“We developed this implant with downstream human applications in mind, as it is made through a scalable 3D printing method, using a material already used in humans,” Laronda said. “We hope to one day restore fertility and hormone function in women who suffer from the side effects of cancer treatments or who were born with reduced ovarian function.”
On Wednesday, Facebook made an announcement that you’d think would only matter to Facebook users and publishers: It will modify its News Feed algorithm to favor content posted by a user’s friends and family over content posted by media outlets. The company said the move was not about privileging certain sources over others, but about better “connecting people and ideas.”
But Richard Edelman, the head of the communications marketing firm Edelman, sees something more significant in the change: proof of a new “world of self-reference” that, once you notice it, helps explain everything from Donald Trump’s appeal to Britain’s vote to exit the European Union. Elites used to possess outsized influence and authority, Edelman notes, but now they only have a monopoly on authority. Influence largely rests with the broader population. People trust their peers much more than they trust their political leaders or news organizations. For 16 years, Edelman’s company has been surveying people around the world on their trust in various institutions. And one of the firm’s findings is that people are especially likely these days to describe “a person like me”—a friend or, say, a Facebook friend—as a credible source of information. A “person like me” is now viewed as twice as credible as a government leader, Edelman said at the Aspen Ideas Festival, which is co-hosted by the Aspen Institute and The Atlantic. “We have a reversal of traditional influence. It is going not top-down, but sideways.”
This is part of a larger divide that has been opening up between “mass populations” and “informed publics” (Edelman defined the latter group as those who have a college degree, regularly consume news media, and are in the top 25 percent of household income for their age group in a given country). The 2008 financial crisis, he argued, produced widespread suspicion that elites only act in their own interests, not those of the people, and that elites don’t necessarily have access to better information than the rest of the population does. The sluggish, unequal recovery from that crisis—the wealthy bouncing back while many others struggle with stagnant incomes—has only increased the skepticism.
The result of all this is deepening distrust of institutions, especially the government and the media, among “mass populations” in many countries. (Among “informed publics,” by contrast, trust in institutions has grown in the years since the economic crash.)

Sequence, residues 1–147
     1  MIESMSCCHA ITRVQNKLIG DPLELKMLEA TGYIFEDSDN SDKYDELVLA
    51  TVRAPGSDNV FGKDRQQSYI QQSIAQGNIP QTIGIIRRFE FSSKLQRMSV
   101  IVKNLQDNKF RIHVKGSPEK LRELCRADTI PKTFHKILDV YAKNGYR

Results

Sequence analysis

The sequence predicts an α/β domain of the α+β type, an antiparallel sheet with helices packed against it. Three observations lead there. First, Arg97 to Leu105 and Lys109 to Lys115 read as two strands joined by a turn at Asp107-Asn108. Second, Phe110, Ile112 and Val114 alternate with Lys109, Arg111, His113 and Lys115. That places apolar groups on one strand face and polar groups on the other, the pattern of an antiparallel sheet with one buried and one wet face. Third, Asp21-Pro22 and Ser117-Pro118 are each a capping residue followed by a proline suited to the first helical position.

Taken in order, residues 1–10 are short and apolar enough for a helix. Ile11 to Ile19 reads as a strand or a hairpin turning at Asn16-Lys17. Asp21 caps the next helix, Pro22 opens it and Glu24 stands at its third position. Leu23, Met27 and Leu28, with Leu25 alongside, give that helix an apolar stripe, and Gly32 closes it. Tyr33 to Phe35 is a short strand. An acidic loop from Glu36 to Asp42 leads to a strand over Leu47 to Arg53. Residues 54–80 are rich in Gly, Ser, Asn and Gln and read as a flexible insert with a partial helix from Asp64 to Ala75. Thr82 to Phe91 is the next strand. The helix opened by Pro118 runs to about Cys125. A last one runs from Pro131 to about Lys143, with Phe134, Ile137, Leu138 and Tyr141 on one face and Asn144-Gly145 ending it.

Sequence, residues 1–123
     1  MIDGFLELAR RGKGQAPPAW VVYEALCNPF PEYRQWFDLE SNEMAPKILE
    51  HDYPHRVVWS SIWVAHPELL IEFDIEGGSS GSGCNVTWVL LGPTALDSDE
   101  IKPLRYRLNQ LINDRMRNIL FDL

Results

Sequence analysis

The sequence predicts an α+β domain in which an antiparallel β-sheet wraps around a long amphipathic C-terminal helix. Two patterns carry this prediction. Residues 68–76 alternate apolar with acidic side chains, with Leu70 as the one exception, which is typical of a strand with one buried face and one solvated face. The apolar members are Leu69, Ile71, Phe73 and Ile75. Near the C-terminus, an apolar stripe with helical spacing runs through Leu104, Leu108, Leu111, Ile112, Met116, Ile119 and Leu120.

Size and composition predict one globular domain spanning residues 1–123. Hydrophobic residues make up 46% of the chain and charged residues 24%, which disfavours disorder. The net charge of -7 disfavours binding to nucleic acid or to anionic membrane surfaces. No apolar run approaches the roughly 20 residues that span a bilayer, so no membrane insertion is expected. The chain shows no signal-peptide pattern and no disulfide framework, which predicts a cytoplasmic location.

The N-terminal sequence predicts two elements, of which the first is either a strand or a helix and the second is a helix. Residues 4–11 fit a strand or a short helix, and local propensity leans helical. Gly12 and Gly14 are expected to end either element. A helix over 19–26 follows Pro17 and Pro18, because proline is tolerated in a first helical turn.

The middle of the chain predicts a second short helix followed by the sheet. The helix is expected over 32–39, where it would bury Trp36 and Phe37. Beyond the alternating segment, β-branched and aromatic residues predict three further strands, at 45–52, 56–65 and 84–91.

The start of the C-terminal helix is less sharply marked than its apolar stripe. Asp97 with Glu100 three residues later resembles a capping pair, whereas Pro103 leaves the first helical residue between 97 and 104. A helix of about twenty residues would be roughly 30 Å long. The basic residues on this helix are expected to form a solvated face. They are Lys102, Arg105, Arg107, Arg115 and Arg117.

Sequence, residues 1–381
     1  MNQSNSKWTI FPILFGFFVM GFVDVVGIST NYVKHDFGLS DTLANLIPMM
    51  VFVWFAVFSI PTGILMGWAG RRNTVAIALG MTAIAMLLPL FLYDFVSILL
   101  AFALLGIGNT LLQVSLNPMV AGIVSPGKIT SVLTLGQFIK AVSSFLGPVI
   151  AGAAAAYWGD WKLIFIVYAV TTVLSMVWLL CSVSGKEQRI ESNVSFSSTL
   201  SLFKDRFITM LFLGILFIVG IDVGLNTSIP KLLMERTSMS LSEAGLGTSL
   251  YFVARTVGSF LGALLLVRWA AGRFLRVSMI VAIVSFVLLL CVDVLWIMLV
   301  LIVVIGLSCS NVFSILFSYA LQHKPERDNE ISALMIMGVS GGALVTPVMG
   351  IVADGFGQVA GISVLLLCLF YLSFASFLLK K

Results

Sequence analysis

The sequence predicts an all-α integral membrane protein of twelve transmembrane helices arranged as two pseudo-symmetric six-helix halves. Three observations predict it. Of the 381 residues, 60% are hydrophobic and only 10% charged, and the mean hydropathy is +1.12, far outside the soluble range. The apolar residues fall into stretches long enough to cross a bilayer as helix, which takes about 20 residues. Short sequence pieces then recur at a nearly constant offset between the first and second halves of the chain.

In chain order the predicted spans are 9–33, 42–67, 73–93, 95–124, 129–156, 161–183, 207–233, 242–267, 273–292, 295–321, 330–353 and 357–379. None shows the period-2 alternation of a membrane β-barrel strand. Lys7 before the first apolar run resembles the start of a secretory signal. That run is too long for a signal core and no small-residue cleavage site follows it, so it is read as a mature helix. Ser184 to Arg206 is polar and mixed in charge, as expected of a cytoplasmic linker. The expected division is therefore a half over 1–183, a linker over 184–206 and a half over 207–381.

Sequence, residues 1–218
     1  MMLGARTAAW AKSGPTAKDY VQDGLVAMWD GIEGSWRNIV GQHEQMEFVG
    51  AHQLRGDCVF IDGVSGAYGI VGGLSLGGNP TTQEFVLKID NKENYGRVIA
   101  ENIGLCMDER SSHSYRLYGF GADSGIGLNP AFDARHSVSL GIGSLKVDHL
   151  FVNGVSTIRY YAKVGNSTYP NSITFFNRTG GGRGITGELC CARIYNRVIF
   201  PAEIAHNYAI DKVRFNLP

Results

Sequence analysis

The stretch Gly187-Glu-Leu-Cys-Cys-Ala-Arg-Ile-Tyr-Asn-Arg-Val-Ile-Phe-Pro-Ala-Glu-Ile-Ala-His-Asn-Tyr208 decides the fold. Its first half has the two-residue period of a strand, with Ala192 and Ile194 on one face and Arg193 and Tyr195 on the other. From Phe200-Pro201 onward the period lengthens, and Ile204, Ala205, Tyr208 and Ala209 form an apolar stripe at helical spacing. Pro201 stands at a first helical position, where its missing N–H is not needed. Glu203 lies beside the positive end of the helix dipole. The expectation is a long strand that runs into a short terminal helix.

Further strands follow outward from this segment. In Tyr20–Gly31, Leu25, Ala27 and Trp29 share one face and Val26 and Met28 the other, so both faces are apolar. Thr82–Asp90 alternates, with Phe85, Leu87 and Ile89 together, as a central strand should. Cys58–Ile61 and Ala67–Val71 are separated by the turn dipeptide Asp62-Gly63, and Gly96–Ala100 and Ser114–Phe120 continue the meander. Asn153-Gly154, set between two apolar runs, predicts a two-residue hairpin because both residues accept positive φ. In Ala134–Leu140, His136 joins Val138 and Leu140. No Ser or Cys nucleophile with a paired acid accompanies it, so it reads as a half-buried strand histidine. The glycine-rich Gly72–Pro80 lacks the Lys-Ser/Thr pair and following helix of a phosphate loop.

CRISPR gene drives allow scientists to change sequences of DNA and guarantee that the resulting edited genetic trait is inherited by future generations, opening up the possibility of altering entire species forever. More than anything, the technology has led to questions: How will this new power affect humanity? What are we going to use it to change? Are we gods now? Join journalist Jennifer Kahn as she ponders these questions and shares a potentially powerful application of gene drives: the development of disease-resistant mosquitoes that could knock out malaria and Zika.
A group of 21 youth climate activists scored a major victory in the courts on Friday: The plaintiffs, aged 8 to 19, allege unconstitutional discrimination by a federal government more interested in burning fossil fuels than protecting the rights to life, liberty, and property of young people. The Oregon federal judge hearing the case, Thomas Coffin, said they have a point.
Denying the federal government’s motion to dismiss the “relatively unprecedented lawsuit,” Judge Coffin wrote:
The court must accept the allegations as true and those allegations plausibly allege harm, though widespread, that is concrete. … the intractability of the debates before Congress and state legislatures and the alleged valuing of short term economic interest despite the cost to human life, necessitates a need for the courts to evaluate the constitutional parameters of the action or inaction taken by the government.
In other words, given the ultra-polarized political stalemate on climate change, a bunch of kids suing the government over decades of unnecessarily slow action may be the best shot humanity has left at addressing the problem before dangerous changes are locked in. The suit is a radical challenge to the status quo in an era of radical environmental change.
“The future of our generation is at stake,” said 16-year-old plaintiff Victoria Barrett in a statement. “People label our generation as dreamers, but hope is not the only tool we have.”
We often think of consciousness as binary: you’re either fully aware of something, or you’re not. Yet according to a team of cognitive neuroscientists at the University of California, Santa... read more
The Journal of Information Technology is of interest to academics, scholars, advanced students and reflective practitioners in management science, information systems and computer science disciplines. The journal will also inform those seeking an update on current experience and future prospects in the areas of contemporary information and communications technology.